Monday, December 14, 2015

Submarine - Cold War and The Falklands

The spring of 1982...

One of the more pressing issues for NATO during the Falkland’s War was how to replace the Royal Navy submarines that went south to the conflict.

Number Available
Class
Number Sent South
2
Valiant Class
1
3
Churchill Class
2
6
Swiftsure Class
2
6
Porpoise Class
0
13
Oberon Class
1

In general for every boat on station two are needed for support. These other two boats are undergoing refit, training, transiting to their assigned areas or in port. Six may not appear be a big number but assets were already stretched in the early 1980s. NATO did not know how long the conflict was going to last or if it would cause a wider conflict.



Both the Porpoise and Oberon Classes could cover choke points in European waters and were probably doing just that. We will have to wait for the release of official secrets to find out more. It was replacing the five nuclear boats sent south that was a concern for the Royal Navy and NATO. These boats can work in areas not conducive to their diesel brethren, under the ice or in the Arctic Ocean.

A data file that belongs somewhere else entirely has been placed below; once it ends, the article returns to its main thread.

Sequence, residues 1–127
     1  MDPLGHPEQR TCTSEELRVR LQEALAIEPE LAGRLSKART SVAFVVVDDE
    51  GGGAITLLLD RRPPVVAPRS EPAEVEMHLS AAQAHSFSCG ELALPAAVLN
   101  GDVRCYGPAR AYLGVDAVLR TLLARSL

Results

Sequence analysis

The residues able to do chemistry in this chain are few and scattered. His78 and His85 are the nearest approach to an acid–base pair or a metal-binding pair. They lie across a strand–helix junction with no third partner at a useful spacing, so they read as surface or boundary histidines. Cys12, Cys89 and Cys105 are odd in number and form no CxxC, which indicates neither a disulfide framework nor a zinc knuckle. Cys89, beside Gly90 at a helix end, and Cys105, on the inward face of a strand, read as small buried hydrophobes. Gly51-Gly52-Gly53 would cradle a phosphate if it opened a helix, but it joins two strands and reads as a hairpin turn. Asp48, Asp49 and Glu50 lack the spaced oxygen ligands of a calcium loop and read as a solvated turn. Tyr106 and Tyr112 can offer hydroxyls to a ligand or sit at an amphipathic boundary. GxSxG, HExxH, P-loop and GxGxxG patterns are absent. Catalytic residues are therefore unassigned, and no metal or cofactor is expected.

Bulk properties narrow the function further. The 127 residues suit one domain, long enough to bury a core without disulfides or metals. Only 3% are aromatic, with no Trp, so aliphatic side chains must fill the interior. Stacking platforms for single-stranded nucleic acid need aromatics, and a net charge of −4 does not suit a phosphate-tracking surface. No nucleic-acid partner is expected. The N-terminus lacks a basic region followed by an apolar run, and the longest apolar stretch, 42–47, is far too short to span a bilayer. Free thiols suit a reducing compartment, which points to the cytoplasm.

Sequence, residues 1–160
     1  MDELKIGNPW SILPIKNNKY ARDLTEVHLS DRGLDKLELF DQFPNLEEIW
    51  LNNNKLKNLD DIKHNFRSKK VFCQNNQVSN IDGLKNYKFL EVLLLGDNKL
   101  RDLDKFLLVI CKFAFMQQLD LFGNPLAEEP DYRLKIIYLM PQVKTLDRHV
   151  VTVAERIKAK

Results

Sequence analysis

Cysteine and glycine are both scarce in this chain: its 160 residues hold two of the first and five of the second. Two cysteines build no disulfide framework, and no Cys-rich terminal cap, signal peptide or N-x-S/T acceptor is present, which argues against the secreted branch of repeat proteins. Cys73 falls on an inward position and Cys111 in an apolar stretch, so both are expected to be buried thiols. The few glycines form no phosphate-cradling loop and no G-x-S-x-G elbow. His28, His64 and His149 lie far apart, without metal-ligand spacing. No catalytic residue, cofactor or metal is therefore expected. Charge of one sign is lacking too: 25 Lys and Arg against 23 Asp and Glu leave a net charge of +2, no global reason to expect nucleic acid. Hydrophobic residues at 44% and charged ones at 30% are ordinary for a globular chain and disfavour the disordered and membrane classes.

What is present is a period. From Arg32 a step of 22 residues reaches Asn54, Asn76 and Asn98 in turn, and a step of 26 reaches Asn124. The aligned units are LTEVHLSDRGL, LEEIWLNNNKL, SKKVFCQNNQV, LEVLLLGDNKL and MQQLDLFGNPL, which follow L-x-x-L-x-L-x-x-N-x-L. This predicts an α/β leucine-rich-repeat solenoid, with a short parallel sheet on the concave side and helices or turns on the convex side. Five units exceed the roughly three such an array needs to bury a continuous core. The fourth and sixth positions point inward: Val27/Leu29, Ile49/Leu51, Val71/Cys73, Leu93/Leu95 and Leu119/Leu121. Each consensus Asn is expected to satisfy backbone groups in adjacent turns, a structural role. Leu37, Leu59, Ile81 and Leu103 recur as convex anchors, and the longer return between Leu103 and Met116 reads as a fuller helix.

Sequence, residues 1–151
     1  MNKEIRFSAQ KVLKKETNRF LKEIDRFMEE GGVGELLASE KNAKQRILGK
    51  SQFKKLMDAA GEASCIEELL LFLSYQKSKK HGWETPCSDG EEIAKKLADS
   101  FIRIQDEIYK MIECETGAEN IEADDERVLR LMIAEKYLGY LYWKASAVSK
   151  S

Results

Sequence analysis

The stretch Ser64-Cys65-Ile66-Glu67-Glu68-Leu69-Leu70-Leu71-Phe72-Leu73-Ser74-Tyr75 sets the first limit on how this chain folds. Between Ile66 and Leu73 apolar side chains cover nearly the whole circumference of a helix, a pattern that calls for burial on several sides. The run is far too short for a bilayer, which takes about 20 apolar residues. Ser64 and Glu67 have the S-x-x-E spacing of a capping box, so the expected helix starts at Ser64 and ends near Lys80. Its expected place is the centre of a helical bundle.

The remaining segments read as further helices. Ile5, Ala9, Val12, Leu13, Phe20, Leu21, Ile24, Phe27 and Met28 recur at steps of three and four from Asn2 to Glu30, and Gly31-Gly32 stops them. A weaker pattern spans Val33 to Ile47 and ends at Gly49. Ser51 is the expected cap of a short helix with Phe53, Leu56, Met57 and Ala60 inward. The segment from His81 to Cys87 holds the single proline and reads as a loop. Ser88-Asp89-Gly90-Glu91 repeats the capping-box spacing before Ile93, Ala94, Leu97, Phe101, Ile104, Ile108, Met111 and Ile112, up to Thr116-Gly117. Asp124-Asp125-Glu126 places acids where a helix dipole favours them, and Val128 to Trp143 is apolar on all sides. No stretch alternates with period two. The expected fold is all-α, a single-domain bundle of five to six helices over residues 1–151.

So what does this mean for your naval wargamer? Just think of the possibilities outside of the South Atlantic. NATO is forced to use boats in locations and for missions they were not designed for. It may even give the Soviets a chance and wargamers will have a chance to use lesser known classes.

While not as sexy as the fast attack boats, the crews of these diesel boats were well trained. Any takers?

2 comments:

  1. Canadian Oberons were known for sneaking up on US carrier groups.

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    Replies
    1. That is true Pat, it was in Canada that I saw my first Oberons. I was impressed even though their weapon systems were a generation or two behind what I was using.

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